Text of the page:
were in darkness and ignorance, out of the truth, strangers and aliens from the commonwealth of Israel; if God has gathered a people, by this means, into the belief of one and the same truth, must not they, if they turn and depart from it, be admonished, reproved and condemned (yea, rather than those that are not yet come to the truth,) because they crucify afresh unto themselves the Lord of glory, and put him to open shame? It seems the apostle judged it very needful they should be so dealt with, Tit. 1. 10. when he says, There are many unruly and vain talk. ers and deceivers, especially they of the circumcision, whose mouths must be stopped, &c. Were such a principle to be received or believed, that in the Church of Christ no man should be separated from, no man condemned or excluded the fellowship and communion of the body, for his judgment or opinion in matters of faith, then what blasphemies so horrid, what heresies so damna. ble, what doctrines of devils, but might harbour itself in the Church of Christ? What need then of sound doctrine, if no doctrine make unsound? What need of convincing and exhorting gainsayers, if to gainsay be no crime? Where should the unity of the faith be? Were not this an inlet to all manner of abomination; and to make void the whole tendency of Christ, and his apostles' doctrine; and render the gospel of none effect; and give a liberty to the unconstant and giddy will of man to innovate, alter and overturn it at his pleasure? So that from all that is above men tioned, we do safely conclude, that where a people are gathered together into the belief of the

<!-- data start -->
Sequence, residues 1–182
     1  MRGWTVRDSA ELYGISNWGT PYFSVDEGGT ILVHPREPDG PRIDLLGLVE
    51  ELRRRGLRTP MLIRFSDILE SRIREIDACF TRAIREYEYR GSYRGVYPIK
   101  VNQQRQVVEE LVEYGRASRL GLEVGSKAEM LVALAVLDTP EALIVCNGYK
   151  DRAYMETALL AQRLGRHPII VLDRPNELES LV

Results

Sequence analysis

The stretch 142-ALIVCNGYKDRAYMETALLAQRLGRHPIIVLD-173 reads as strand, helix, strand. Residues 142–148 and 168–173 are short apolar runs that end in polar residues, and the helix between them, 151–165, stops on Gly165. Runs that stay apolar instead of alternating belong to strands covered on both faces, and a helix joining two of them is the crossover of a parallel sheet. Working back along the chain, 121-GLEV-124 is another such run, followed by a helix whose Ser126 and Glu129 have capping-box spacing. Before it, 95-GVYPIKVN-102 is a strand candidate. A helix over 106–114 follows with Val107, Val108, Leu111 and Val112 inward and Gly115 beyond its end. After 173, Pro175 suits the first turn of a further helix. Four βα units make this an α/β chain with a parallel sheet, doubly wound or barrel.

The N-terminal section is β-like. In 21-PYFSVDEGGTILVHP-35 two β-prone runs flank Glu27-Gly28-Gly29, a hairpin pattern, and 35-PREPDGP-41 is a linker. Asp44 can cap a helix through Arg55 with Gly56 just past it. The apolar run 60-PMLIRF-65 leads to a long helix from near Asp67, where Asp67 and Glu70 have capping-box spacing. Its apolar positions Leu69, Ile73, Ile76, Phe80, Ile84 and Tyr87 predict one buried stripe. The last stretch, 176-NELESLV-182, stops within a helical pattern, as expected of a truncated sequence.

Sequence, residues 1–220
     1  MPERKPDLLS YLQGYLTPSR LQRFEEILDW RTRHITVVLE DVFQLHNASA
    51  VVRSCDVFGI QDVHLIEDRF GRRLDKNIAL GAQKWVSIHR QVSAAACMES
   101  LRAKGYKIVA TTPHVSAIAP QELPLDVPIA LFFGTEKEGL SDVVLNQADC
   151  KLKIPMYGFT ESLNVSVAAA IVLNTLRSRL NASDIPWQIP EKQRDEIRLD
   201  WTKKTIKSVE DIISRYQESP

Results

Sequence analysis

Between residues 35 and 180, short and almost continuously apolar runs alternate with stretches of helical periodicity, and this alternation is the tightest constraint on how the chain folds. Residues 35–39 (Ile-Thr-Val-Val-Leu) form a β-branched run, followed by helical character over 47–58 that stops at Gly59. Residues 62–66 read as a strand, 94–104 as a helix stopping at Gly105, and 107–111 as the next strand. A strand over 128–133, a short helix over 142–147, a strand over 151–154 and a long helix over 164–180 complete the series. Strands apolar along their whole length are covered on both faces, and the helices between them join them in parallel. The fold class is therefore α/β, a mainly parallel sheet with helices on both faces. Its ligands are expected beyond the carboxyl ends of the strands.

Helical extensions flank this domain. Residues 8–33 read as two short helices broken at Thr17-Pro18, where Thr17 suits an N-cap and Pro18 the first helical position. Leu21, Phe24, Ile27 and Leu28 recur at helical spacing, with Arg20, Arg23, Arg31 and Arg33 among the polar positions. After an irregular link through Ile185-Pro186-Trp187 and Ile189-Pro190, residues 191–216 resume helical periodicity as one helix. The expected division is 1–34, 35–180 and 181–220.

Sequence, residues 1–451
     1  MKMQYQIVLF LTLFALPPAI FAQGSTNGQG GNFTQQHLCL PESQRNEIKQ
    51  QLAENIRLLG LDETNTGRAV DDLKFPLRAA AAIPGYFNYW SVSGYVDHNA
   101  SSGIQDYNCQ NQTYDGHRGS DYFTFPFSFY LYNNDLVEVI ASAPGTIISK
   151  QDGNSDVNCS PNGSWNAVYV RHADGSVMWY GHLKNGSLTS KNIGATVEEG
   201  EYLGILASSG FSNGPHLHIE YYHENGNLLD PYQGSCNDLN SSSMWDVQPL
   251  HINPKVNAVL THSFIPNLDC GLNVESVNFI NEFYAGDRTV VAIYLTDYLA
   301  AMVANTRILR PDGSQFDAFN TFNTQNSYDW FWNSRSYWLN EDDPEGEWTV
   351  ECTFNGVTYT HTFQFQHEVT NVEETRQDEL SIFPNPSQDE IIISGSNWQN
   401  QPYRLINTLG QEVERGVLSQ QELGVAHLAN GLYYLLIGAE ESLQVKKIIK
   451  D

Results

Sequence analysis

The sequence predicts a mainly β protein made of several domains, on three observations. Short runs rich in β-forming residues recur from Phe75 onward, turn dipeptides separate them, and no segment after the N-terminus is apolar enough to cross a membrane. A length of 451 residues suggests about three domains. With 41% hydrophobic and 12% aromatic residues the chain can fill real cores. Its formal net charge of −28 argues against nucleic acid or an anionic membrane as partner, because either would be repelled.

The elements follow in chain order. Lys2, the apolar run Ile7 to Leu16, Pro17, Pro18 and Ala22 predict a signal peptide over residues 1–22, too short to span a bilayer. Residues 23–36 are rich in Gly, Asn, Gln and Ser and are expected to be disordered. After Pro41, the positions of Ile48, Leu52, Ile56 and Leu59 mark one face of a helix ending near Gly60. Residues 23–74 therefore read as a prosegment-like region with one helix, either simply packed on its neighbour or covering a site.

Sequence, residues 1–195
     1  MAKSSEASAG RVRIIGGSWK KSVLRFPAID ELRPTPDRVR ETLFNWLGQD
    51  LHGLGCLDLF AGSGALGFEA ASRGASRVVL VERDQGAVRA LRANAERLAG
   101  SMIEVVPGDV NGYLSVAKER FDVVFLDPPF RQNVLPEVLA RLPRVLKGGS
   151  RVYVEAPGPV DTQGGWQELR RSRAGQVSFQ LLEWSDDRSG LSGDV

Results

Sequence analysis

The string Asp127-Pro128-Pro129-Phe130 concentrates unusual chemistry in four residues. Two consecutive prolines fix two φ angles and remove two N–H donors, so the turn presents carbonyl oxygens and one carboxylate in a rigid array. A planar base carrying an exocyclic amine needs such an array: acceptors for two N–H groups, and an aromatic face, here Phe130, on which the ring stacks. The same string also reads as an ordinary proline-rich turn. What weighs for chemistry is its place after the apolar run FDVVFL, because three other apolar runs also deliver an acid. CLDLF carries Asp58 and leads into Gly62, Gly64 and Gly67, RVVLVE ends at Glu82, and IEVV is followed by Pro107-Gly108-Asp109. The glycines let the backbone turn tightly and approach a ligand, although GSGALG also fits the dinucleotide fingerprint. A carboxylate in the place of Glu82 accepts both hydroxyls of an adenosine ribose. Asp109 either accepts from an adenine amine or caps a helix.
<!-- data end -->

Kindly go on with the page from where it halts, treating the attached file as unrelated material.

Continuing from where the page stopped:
principles and doctrines of the gospel of Christ, if any of that people shall go from their princi ples, and assert things false and contrary to what they have already received; such as stand and abide firm in the faith, have power, by the Spirit of God, after they have used Christian endeavours to convince and reclaim them, upon their obstinacy, to separate from such, and to exclude them from their spiritual fellowship and communion : For otherwise, if this be denied, farewell to all Christianity, or to the maintaining of any sound doctrine in the Church of Christ.
But, secondly, taking it for granted, that the Church of Christ, or assembly of believers, may, in some cases, that are matter of conscience, pronounce a positive sentence and judgment with out hazard of imposition upon the members, it comes to be enquired; In what cases, and how far this power reacheth?
I answer, First, As that which is most clear and undeniable, in the fundamental principles and doctrines of faith, in case any should offer to teach otherwise, as is above declared and proved. But some may perhaps acknowledge, that indeed if any should contradict the known and owned principles of truth, and teach otherwise, it were fit to cast out and exclude such; but what judgest thou as to lesser matters, as in principles of less consequence, or in outward ceremonies or gestures, whether it be fit to press uniformity in these things? For answer to this, it is fit to consider,
First, The nature of the things themselves. Secondly, The spirit and ground they proceed from.